Gratitude strengthens character because it turns us from wishing for what we don't have to appreciating what we do have. We focus on values, not hungers. We live in harmony rather than distraction. In fact, I would argue that living in gratitude makes one happier, healthier, more attractive to others, more inventive, more effective and more efficient in all aspects of our lives.
Within business families, gratitude is a secret ingredient that can raise a company above competitors, beyond the routine and through difficulty. It can be as easy as practicing (showing!) that you appreciate employees and working family members. But it must be practiced, not "performed," meaning it must come from the heart and represent real gratitude, not just a placating "Atta boy" (although the occasional, off-the-cuff genuine response is priceless).
Real-world case study
As I write this, I'm reminded of a wonderful client of mine who recently passed away. I'll call him Gratian, which is Latin for "grateful." Gratian began to work in his family's business when he was quite young and just after his own father had died. Gratian provided the leadership to help his uncles and brothers transform the company. Eventually Gratian bought out his relatives and transferred the business to his two adult children. Through all of these transitions there could have been chaos, disappointment, disagreement and discord. Instead, because of Gratian's honesty, integrity and loyalty - his gratitude - the family never wavered and the company never faltered.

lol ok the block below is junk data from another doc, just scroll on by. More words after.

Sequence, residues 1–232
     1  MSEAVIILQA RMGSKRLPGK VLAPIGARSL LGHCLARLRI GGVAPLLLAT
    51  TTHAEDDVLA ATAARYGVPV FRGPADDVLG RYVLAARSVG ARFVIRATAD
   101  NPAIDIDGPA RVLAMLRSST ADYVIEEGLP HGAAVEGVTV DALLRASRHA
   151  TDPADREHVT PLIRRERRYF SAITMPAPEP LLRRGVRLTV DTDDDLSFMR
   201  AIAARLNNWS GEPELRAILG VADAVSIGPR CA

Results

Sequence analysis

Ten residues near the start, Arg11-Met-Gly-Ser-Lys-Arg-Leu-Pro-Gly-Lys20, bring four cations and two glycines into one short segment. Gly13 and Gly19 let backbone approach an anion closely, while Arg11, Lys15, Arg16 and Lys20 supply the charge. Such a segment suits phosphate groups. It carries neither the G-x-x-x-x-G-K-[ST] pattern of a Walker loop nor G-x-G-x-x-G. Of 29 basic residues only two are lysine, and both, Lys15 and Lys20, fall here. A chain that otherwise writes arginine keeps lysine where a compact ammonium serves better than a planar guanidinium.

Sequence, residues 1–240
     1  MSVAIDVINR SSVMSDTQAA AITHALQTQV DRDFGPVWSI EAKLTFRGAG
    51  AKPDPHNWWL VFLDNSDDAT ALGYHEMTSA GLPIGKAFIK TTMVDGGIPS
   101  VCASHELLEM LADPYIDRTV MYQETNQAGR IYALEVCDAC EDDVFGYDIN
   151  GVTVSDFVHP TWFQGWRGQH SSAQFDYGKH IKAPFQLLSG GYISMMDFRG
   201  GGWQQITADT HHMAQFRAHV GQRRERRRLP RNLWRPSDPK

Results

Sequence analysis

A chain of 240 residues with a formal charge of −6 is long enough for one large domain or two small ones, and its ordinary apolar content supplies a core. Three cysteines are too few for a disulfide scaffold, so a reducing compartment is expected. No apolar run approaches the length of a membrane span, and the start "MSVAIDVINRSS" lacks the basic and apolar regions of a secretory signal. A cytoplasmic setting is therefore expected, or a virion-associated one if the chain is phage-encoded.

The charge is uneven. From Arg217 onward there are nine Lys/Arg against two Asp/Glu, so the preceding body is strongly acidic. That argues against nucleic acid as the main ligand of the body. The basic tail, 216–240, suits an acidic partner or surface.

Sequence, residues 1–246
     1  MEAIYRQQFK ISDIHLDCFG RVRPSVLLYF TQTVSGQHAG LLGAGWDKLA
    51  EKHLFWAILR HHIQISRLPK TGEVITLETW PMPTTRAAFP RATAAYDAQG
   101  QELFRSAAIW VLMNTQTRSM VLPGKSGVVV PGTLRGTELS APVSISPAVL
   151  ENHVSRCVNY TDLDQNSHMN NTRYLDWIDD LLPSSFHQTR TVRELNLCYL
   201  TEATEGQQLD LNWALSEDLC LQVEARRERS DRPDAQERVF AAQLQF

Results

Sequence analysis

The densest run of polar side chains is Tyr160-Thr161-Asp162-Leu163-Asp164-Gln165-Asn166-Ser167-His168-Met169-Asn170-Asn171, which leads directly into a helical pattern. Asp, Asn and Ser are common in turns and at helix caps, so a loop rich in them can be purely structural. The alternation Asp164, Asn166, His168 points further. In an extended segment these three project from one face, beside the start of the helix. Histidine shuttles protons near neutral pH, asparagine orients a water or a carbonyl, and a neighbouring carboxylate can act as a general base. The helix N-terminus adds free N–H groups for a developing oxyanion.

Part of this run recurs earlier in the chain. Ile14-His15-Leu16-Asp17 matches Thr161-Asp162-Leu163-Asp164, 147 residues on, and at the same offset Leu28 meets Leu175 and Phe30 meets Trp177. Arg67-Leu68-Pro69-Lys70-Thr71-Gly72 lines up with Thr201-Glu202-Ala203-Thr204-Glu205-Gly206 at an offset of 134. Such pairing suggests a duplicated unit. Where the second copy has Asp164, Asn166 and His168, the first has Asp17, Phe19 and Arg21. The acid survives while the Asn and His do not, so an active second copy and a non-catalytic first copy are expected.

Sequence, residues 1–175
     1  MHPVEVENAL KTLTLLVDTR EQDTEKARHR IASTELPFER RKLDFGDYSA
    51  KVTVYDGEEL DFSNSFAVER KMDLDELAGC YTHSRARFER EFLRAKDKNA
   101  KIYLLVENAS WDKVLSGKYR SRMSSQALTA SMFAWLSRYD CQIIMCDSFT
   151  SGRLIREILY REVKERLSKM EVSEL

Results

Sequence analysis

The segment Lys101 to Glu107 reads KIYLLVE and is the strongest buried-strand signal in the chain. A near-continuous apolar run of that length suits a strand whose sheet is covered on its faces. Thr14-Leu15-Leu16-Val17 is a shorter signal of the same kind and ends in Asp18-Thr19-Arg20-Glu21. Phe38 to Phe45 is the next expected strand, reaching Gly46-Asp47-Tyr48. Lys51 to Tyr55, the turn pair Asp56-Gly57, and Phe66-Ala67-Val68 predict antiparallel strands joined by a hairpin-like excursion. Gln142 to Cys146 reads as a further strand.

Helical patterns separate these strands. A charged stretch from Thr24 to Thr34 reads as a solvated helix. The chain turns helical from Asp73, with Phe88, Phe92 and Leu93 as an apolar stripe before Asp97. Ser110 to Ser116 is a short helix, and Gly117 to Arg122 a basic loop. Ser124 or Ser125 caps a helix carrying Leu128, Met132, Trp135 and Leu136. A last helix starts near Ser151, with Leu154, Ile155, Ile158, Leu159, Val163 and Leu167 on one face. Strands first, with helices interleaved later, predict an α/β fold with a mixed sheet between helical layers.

But, in looking back, what I marvel at the most is that Gratian taught himself to be grateful; he "wasted" work time to meditate or pray. Each day he took a break from his busy schedule for a personal moment in his office. He was counting his blessings and appreciating his family. And that made all the difference.
In my own life, much of who I became can be attributed to the generosity of Bishop Gerald O'Keefe, the former pastor at the Cathedral of St. Paul. Bishop O'Keefe recognized that I was a struggling inner-city kid who needed financial help for my tuition at the University of Minnesota. He gave me that assistance and said, "You don't have to pay the money back, but if you are ever in a position to help someone, I hope you will do so." His generosity caused me to dedicate my life to serving and helping others. His influence produced my passion so that I continually recognize and live in gratitude. It was the bishop's gift to me, and one I alertly pay forward.
The Big Book for Alcoholics Anonymous says on page 451:
I encourage you to accrue your own gratitude inventory. Take a moment each day to individually thank in your mind the people whom you love and who love you: your spouse, your parents, each of your children, a great friend, a close work associate, a partner, a person who altered your life. These brief moments accumulate into a sense of gratitude that you will learn to express, that will grow and become as natural as breathing. It fills your life with thankfulness for what you have, unconcerned with what you don't have.
Additional information:
Here are some resources about gratitude that have inspired me:
  • Choosing Gratitude: Learning to Love the Life You Have by James A. Autry
  • Living in Gratitude: A Journey That Will Change Your Life by Angeles Arrien
  • Thanks! How the New Science of Gratitude Can Make You Happier by Robert A. Emma's
If you feel you don't have the time or inclination to read, watch this six-minute YouTube segment featuring UC Davis professor of psychology Robert Emmons.